Thursday, August 01, 2013

Scoop (New Zealand) discusses the Whitcoulls (a local bookstore) top 100 books list as voted by their customers:
New age or old, sci-fi / fantasy remains one of the most popular genres among New Zealand readers. Whitcoulls book manager Joan Mackenzie says its popularity is matched by the resurgence of classic titles such as those by Emily Brontë and Austen.

33. Jane Eyre by Charlotte Brontë
55. Wuthering Heights by Emily Brontë
Annabel Riley with Ellen Shorrock
The Ilkley Gazette explains that the Ilkley Playhouse company is performing Wuthering Heights in Cornwall:
A group of actors from Ilkley Playhouse are currently wowing audiences at arguably the country’s most spectacular theatre.
The Playhouse actors are performing Wuthering Heights at the Minack Theatre, close to Land’s End in Cornwall. The theatre is built into the cliff edge high above the Atlantic overlooking the golden sands of Porthcurno beach.
The book by Emily Brontë was adapted by Walter Swan and Yvette Huddlestone of the Playhouse. The play was sold out for its week-long run.
The Times Higher Education explores women sexuality:
One of the best insights into this world is through what is often called “escapist reading”. “Women’s romance”, for example, which feminist scholar Ann Snitow dubbed “pornography for women”, has always been a cover for transgressive sex, from Wuthering Heights – which hints at incest and necrophilia – to Harlequin romances, which offer sadomasochism sugar-coated with a marriage plot. (Laura Frost)
In a day like today, the Yorkshire Post talks, of course, about Yorkshire:
Heathcliff in Wuthering Heights is probably more responsible than any other character in literature for introducing a Yorkshire accent to the world, although Billy Casper in Barry Hines’ A Kestrel for a Knave put South Yorkshire on the map in the late 60s.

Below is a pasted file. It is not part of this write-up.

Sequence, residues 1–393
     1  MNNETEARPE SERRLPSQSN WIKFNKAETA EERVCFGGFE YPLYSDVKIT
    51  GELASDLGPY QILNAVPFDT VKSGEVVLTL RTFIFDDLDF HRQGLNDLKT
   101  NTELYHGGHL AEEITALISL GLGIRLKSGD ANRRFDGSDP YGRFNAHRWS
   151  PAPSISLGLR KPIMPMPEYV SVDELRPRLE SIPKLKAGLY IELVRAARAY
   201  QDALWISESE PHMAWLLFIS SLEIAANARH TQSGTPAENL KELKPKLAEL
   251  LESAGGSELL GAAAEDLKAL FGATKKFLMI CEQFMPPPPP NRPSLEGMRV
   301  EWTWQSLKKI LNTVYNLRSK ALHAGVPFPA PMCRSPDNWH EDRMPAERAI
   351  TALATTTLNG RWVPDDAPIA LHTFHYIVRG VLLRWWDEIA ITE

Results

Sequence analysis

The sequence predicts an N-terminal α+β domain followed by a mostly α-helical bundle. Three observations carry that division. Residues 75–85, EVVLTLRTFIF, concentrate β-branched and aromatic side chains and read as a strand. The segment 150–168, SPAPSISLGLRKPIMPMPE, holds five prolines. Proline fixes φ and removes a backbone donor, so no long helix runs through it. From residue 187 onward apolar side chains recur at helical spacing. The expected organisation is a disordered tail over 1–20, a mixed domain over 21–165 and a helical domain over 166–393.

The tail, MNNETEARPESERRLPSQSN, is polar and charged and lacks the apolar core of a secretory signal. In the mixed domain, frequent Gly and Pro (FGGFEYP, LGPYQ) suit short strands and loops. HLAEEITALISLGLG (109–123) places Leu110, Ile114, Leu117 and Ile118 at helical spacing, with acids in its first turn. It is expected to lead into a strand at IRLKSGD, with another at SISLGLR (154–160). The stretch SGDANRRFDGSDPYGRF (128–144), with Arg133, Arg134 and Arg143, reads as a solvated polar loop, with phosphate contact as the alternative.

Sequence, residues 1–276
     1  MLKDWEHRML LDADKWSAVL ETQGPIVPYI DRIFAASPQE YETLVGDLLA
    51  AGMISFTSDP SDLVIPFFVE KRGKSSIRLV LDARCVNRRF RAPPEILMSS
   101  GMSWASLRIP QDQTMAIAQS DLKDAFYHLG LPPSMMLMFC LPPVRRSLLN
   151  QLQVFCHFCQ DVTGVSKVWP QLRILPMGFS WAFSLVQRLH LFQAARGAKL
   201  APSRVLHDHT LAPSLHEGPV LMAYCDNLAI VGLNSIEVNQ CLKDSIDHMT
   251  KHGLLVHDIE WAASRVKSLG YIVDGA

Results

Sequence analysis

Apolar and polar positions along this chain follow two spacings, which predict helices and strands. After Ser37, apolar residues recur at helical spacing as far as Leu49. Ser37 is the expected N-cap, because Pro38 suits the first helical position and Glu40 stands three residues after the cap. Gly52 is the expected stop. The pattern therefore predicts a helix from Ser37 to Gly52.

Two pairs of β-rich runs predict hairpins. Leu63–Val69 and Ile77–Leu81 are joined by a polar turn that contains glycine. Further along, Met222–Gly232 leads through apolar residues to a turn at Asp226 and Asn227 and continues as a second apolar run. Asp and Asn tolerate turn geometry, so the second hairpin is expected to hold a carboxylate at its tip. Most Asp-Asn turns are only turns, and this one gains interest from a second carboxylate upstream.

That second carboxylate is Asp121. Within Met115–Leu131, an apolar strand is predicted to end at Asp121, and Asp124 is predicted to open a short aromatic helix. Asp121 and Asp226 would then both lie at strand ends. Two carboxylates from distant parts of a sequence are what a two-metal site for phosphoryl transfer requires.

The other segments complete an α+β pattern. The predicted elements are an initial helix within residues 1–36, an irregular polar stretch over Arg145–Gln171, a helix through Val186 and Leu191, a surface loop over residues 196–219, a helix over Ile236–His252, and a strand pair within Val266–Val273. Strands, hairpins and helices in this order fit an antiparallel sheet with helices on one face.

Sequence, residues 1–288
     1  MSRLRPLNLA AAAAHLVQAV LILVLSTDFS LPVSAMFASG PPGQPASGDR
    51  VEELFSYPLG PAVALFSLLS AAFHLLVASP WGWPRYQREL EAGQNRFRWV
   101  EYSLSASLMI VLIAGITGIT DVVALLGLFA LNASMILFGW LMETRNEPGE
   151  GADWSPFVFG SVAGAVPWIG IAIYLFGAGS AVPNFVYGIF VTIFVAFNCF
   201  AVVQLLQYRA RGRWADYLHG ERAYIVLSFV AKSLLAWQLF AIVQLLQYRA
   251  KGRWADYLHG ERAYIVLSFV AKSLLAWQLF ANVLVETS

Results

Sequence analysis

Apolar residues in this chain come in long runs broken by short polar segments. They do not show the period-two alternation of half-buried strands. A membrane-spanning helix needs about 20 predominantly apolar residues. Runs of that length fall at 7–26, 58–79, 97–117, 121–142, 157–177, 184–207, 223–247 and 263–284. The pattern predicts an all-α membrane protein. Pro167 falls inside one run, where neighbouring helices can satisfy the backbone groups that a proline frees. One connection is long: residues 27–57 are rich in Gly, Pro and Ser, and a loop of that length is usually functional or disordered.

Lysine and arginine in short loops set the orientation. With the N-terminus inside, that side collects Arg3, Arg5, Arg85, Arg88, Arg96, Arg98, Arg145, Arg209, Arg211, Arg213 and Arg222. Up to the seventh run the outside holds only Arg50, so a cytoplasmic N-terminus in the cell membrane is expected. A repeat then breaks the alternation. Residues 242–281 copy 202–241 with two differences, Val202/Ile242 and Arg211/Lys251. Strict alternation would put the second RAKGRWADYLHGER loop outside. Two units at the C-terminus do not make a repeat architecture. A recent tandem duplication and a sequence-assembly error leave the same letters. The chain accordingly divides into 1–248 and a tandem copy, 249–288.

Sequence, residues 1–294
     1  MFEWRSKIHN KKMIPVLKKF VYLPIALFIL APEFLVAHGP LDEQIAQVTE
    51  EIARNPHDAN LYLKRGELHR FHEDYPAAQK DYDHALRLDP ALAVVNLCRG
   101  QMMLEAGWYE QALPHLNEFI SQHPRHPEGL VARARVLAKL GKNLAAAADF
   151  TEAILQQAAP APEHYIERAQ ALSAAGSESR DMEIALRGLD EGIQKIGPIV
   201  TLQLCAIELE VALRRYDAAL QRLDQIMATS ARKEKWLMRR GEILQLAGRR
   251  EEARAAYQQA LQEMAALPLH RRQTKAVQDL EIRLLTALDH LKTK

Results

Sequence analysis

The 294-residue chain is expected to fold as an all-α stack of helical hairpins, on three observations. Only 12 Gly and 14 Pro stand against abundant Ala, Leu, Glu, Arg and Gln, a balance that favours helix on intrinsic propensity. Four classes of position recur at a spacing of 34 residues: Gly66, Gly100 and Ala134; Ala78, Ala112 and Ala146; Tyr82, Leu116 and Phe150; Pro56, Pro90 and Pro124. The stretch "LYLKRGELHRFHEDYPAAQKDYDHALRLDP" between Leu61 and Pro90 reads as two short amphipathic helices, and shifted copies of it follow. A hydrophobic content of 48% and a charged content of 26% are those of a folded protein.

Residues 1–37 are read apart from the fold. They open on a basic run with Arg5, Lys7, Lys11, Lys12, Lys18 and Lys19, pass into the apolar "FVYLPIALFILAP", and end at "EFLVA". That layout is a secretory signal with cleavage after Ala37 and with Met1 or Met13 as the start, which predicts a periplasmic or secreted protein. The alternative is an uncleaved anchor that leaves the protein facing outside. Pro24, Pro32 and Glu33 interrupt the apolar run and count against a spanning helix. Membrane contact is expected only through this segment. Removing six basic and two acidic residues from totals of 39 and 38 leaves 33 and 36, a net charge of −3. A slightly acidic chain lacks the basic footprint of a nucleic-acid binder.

Reviews by Nobody Important interviews the writer Debbie Heaton:
What book should everybody read at least once?
Wuthering Heights—the characters are strong and courageous and the atmosphere is inspiring. This is the book that probably had the most influence on me becoming an author.
Club De Lectura 2.0 (in Spanish) begins a discussion about Jane Eyre (posts on Lo que pasa en mi cabeza and La Originalidad Perdida) and Un Mundo para Curra (also in Spanish) reviews the novel; Playing in the Pages reviews April Lindner's Catherine; Bibliophilia Please didn't love Black Spring; the Brontë Parsonage tweets a picture of 'Tabby' telling Yorkshire tales at the Parsonage Garden and posts on the Parsonage Facebook wall pictures of the drawing workshop and more Yorkshire Day stuff.

Finally, the Brontë Parsonage monthly e-newsletter has been released containing the following articles:
Award-winning poet Jackie Kay settles in at the Museum
Charlotte's parasol comes home to us - from Canada
All aboard, as Emily's Birthday Excursion steams into Haworth!
The Brontës' poetry comes alive with Kala Sangam: WordanceMore famous faces at the Parsonage
Cipher, refuge, icon, metaphor: how many ways can you write a house?
New book from the Parsonage's Ann Dinsdale follows in the famous family's footsteps...

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